XWe have detected your location as outside the U.S/Canada, if you think this is wrong, you can choose your location.

Macmillan Higher Education Celebrating 20 years of Macmillan Study Skills

Cart

Continue Shopping
All prices are shown excluding Tax
The submitted promocode is invalid
* Applied promocode: ×

Important information on your ebook order

SPSS for Starters and 2nd Levelers (2nd Edition)

Author(s):
Publisher:

Springer

Pages: 375
Further Actions:

Recommend to library

AVAILABLE FORMATS

Paperback - 9783319342504

29 October 2016

$99.99

In stock

Hardcover - 9783319205991

23 October 2015

$109.99

Free Shipping

In stock

Ebook - 9783319206004

14 October 2015

$79.99

In stock

All prices are shown excluding Tax

A unique point of this book is its low threshold, textually simple and at the same time full of self-assessment opportunities. Other unique points are the succinctness of the chapters with 3 to 6 pages, the presence of...

Show More

A unique point of this book is its low threshold, textually simple and at the same time full of self-assessment opportunities. Other unique points are the succinctness of the chapters with 3 to 6 pages, the presence of entire-commands-texts of the statistical methodologies reviewed and the fact that dull scientific texts imposing an unnecessary burden on busy and jaded professionals have been left out. For readers requesting more background, theoretical and mathematical information a note section with references is in each chapter.

The first edition in 2010 was the first publication of a complete overview of SPSS methodologies for medical and health statistics. Well over 100,000 copies of various chapters were sold within the first year of publication. Reasons for a rewrite were four.

First, many important comments from readers urged for a rewrite. Second, SPSS has produced many updates and upgrades, with relevant novel and improved methodologies. Third, the authors felt that the chapter texts needed some improvements for better readability: chapters have now been classified according the outcome data helpful for choosing your analysis rapidly, a schematic overview of data, and explanatory graphs have been added. Fourth, current data are increasingly complex and many important methods for analysis were missing in the first edition.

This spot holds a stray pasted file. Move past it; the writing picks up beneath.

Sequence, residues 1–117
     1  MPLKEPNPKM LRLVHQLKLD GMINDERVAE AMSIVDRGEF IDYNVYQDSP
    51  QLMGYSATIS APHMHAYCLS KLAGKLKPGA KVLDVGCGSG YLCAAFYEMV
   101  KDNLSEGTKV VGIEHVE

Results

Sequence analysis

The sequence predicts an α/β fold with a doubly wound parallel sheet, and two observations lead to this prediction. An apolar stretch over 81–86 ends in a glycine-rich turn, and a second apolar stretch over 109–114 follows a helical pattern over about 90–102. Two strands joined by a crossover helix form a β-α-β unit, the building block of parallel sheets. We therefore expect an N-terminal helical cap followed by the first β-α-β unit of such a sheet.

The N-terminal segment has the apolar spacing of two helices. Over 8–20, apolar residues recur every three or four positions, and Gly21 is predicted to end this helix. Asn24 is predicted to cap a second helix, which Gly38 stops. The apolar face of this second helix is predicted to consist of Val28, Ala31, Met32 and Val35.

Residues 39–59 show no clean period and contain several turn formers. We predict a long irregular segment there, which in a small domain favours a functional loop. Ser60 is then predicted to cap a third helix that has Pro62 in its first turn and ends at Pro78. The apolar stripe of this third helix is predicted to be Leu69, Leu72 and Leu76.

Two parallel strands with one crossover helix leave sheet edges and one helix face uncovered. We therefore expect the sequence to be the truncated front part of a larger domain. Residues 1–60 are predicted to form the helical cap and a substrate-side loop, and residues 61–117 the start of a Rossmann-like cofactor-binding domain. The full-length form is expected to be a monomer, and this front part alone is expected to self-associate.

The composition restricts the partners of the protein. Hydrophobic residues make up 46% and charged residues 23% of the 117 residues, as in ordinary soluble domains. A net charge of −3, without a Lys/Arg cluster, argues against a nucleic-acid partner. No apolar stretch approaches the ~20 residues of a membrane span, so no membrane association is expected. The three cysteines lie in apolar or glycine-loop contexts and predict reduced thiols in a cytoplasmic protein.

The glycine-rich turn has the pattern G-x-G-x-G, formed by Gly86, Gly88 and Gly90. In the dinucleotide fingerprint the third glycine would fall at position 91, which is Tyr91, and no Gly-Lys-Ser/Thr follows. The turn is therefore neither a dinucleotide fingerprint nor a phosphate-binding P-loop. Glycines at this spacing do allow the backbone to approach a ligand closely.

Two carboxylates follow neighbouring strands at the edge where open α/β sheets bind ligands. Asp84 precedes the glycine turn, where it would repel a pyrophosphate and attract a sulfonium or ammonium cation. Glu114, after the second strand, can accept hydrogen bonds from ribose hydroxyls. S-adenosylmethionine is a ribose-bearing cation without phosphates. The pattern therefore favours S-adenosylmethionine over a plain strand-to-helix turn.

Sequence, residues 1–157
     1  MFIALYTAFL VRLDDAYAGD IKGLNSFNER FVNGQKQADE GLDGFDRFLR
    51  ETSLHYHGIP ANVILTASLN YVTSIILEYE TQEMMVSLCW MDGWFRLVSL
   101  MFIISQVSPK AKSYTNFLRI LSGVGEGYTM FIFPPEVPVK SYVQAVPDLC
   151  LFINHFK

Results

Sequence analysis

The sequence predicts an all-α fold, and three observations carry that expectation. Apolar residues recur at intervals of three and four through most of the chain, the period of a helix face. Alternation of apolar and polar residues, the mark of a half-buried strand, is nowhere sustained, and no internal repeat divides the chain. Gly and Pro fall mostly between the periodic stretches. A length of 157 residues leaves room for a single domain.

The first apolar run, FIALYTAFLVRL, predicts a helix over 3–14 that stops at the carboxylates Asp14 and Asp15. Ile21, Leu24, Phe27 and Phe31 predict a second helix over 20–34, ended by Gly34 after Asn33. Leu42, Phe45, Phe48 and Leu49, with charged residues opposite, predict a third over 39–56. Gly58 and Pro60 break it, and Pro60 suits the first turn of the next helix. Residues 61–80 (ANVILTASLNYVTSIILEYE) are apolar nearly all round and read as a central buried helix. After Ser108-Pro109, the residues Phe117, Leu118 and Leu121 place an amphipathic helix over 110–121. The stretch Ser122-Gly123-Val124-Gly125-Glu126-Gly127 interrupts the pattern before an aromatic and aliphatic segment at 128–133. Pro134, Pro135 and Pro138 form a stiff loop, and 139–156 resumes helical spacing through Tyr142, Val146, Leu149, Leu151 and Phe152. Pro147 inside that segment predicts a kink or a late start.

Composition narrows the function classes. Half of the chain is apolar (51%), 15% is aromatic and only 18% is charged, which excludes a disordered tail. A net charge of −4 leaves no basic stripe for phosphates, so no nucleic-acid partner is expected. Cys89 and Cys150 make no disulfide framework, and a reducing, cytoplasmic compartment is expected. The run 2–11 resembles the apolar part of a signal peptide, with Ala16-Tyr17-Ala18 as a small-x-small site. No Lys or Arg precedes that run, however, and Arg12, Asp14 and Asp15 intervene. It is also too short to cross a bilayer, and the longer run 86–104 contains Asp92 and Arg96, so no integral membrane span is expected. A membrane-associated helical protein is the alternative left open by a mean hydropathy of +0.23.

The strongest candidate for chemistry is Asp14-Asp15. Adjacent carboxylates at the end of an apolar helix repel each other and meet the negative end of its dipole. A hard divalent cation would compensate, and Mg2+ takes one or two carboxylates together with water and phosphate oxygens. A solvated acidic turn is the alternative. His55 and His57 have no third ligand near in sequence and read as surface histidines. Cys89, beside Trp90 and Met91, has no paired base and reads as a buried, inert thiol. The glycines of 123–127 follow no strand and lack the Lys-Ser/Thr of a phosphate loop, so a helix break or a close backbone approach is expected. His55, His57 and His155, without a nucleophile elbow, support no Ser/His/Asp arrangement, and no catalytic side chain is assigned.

For that latter purpose some more advanced methods seemed unavoidable, like hierarchical loglinear methods, gamma and Tweedie regressions and random intercept analyses. In order for the contents of the book to remain covered by the title, the authors renamed the book: SPSS for Starters and 2nd Levelers.

Special care was, nonetheless, taken to keep things as simple as possible, simple menu commands are given. The arithmetic is still of a no-more-than high-school level. Step-by-step analyses of different statistical methodologies are given with the help of 60 SPSS data files available through the internet. Because of the lack of time of this busy group of people, the authors have given every effort to produce a text as succinct as possible. 

Show Less

For medical and health workers it is a must-have, because statistical methods in these fields are vital and no equivalent work is available

For medical and health students this is equally true